Growing Reader

Sing-Along Stories:
8 Delightful Picture Books Inspired by Children’s Songs

by Jennifer Garry

Little kids love to listen to rhyming, rhythmic, repetitive stories. When they can get into the rhythm (sometimes with their whole bodies!) or predict what the next line might be, they’re filled with absolute delight. They truly feel as if they’re one with the story.

A great way to make this happen is by reading stories that are inspired by familiar children’s songs. These beautiful picture books practically beg for little readers to sing or chant along.

  • The Itsy Bitsy Spider

    by Iza Trapani

    Iza Trapani also gives a classic song a new spin. We’re used to hearing about the itsy bitsy spider and the water spout, but this intrepid spider comes head to head with a fan, a mouse, a cat, a maple tree and more before spinning herself a beautiful web and relaxing in the sun. As rhythmic and lyrical as the original, this version is destined to become a favorite.

  • Old Mikamba Had a Farm

    by Rachel Isadora

    Instead of the Midwestern locale you might think of when hearing the classic “Old MacDonald Had a Farm,” this version takes place in the African plains. Readers will be introduced to a menagerie of African wildlife and their various sounds. Some, like elephants, giraffes, and baboons, will be familiar. Others, like dassies and springboks, will be less familiar. Either way, kids won’t be able to help but sing along.

  • There Was an Old Lady Who Swallowed a Fly

    by Simms Taback

    Kids get a real kick out of this folk poem and its outrageous (and somewhat morbid!) storyline featuring an old lady who consumes larger and larger animals to track down a fly she swallowed. This Caldecott Honor-winning picture book rendition has bright, dynamic illustrations with funny cut-outs that give a view into the old lady’s increasingly crowded tummy.

  • The Seals on the Bus

    by Lenny Hort, illustrated by G. Brian Karas

    The Seals on the Bus offers a silly retelling of the popular children’s classic. Instead of the familiar rhyme about a bus, this book follows an unassuming family as they get on a bus full of seals, geese, monkeys, and other animals. Kids will be able to sing along as they laugh at the multimedia illustrations of the shocked family and watch the story become more and more absurd.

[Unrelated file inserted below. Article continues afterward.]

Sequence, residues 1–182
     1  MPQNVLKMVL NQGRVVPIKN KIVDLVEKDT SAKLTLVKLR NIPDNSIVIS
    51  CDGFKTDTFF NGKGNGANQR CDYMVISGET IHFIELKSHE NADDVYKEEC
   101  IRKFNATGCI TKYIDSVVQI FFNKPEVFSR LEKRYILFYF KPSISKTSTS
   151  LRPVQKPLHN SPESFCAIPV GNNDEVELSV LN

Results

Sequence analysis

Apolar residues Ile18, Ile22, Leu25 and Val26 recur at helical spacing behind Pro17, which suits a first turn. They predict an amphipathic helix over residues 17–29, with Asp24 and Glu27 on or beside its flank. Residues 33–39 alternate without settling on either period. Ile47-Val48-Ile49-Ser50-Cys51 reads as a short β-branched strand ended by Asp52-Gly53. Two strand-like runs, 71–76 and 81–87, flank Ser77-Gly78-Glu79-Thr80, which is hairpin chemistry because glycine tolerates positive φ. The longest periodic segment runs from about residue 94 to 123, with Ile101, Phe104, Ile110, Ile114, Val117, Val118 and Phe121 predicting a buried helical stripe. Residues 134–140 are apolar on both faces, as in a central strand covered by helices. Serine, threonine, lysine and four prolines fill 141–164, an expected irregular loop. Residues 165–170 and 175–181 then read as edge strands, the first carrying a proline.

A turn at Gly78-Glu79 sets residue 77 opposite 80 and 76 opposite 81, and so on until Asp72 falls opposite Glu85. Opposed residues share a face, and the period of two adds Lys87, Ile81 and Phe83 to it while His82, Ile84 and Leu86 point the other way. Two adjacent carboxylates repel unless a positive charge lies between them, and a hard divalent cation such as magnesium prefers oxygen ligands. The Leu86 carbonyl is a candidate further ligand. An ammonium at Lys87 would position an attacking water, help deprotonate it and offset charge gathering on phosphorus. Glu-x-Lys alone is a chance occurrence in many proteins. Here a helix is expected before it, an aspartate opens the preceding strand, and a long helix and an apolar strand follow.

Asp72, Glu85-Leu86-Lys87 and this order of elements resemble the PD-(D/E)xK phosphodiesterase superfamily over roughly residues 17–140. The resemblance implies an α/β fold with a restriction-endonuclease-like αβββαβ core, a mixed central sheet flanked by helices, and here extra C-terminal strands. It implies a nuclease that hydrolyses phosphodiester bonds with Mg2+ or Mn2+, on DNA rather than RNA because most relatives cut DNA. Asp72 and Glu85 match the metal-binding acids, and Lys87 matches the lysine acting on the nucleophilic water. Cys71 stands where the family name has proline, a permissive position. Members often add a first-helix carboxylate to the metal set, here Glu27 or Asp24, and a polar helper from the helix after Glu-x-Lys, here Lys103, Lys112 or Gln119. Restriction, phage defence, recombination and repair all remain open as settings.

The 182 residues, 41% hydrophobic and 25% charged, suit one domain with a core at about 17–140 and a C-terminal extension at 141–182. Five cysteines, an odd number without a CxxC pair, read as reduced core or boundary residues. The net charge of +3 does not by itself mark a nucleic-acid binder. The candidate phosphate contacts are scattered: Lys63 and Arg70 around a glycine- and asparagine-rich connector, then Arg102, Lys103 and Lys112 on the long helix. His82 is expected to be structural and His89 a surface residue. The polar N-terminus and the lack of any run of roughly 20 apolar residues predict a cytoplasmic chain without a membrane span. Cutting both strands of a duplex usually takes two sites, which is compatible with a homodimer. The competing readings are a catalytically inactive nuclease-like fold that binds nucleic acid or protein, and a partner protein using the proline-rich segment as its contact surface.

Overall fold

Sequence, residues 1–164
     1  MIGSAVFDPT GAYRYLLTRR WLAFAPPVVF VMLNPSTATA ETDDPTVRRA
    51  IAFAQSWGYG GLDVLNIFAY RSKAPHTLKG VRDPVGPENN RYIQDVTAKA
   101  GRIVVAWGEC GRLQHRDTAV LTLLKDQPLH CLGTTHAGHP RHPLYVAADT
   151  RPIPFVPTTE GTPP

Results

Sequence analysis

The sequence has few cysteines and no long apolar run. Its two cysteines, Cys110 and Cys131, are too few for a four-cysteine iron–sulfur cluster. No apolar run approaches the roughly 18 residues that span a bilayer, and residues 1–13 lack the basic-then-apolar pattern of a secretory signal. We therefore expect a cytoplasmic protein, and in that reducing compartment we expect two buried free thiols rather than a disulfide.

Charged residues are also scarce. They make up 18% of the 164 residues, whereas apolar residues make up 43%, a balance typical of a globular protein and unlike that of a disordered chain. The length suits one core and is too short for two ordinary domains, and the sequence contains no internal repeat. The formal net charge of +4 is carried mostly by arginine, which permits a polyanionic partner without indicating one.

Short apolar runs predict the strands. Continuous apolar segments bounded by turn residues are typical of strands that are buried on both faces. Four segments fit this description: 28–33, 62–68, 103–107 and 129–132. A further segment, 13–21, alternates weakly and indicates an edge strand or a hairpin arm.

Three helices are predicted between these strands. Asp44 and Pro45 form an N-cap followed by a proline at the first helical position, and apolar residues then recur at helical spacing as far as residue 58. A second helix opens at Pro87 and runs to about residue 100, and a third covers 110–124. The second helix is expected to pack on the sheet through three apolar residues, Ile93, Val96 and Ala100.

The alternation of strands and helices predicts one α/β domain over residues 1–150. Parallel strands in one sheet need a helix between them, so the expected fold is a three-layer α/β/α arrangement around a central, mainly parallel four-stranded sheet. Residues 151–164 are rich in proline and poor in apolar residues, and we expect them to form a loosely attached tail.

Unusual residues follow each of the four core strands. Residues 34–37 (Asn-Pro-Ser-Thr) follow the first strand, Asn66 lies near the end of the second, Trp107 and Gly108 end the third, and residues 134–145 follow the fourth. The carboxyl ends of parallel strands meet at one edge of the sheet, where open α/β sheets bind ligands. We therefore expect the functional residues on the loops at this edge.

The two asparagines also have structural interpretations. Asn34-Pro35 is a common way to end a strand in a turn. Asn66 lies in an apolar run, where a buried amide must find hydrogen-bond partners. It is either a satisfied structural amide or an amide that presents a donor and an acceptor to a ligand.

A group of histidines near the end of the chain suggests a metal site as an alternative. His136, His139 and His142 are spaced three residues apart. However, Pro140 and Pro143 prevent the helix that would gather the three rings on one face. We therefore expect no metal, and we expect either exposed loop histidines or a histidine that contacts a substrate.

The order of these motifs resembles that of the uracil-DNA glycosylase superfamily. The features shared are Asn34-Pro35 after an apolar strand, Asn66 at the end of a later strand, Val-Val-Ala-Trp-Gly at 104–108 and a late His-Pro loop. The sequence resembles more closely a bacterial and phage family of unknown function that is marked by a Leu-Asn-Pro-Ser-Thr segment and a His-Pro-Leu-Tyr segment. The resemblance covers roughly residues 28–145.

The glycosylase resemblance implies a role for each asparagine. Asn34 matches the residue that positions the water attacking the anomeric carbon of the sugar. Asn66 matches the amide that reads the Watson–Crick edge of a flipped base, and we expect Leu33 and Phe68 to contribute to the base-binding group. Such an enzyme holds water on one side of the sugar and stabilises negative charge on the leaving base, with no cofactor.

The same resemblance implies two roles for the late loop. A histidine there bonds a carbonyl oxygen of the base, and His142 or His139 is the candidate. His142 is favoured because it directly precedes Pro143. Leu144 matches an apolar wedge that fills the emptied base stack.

• Row, Row, Row Your Boat

    by Jane Cabrera

    Jane Cabrera has many books that are inspired by children’s nursery rhymes and songs. This one follows a puppy and a kitten as they row down a twisty-turny stream in the middle of a jungle. The first page contains the well-known rhyme, while the following pages follow the same rhythm and structure but introduce the friends to new creatures. They encounter mice, monkeys, tigers, and more before wearily rowing back to mommy dog and falling asleep.

  • There’s a Hole in the Log on the Bottom of the Lake

    by Loren Long

    In this fun take on the traditional folk song “There’s a Hole in the Bottom of the Sea,” readers are introduced to a frog who lives in a log on the bottom of the lake. Through cumulative, rhythmic lines we learn about the frog, his log, a fly that perches on his corkscrew curl, and a gnat that lands on top of the fly. But there’s a second narrative to this tale that’s just as engaging as the first: a turtle and his tiny snail friend provide hilarious additional commentary to the more structured verse.

  • We Are the Dinosaurs

    by Laurie Berkner with illustrations by Ben Clanton

    Like There’s a Hole in the Log on the Bottom of the Lake, this one also tells an additional story through illustrations. Following the lyrics of the popular children’s musician’s song, readers watch as some dinosaur friends say goodbye to their parents and march off on an adventure. They stop and eat their food (when they’re in the mood), hike up into a cave, and rest there for the night before rushing back down the mountain — which turns out to be a volcano that’s ready to erupt. Rhythmic and familiar, kids won’t be able to resist singing along.

  • Rocket-Bye Baby: A Spaceflight Lullaby

    by Danna Smith, illustrated by Ziyue Chen

    Perfectly timed for the 50th anniversary of the moon landing in 2019, this sweet story puts a STEM twist on the “Rock-a-bye Baby” bedtime lullaby. A mom and child board a little rocket and set off on a journey through space, observing the natural beauty of the sky, moon, planets, and constellations as they zoom by.